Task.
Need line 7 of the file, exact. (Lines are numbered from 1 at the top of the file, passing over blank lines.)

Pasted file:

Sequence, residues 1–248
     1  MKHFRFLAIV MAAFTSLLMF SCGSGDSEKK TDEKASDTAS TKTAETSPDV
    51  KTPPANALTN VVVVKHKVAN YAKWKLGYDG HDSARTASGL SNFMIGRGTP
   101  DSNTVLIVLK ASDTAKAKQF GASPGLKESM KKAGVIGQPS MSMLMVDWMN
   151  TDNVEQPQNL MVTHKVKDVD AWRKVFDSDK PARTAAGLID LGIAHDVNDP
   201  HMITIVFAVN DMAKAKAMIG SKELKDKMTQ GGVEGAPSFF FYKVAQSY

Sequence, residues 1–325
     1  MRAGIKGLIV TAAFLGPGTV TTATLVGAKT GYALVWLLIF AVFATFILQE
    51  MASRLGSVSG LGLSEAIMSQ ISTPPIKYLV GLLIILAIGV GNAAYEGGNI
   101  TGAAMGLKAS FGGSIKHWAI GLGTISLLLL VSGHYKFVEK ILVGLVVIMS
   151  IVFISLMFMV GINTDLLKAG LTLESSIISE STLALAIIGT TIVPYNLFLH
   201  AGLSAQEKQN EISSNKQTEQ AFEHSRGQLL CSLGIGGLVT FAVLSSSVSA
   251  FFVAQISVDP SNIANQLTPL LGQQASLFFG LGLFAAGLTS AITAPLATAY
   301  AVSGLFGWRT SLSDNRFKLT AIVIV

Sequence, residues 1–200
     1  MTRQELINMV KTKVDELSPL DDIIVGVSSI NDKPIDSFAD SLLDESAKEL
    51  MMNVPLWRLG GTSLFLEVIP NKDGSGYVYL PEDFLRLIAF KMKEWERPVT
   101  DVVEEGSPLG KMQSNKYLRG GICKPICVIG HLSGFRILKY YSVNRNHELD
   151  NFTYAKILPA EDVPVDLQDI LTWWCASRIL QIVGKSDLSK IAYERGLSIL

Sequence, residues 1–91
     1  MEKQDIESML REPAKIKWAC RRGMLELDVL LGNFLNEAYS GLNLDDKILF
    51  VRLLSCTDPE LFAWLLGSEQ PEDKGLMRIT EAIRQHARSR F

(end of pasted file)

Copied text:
Sequence, residues 1–325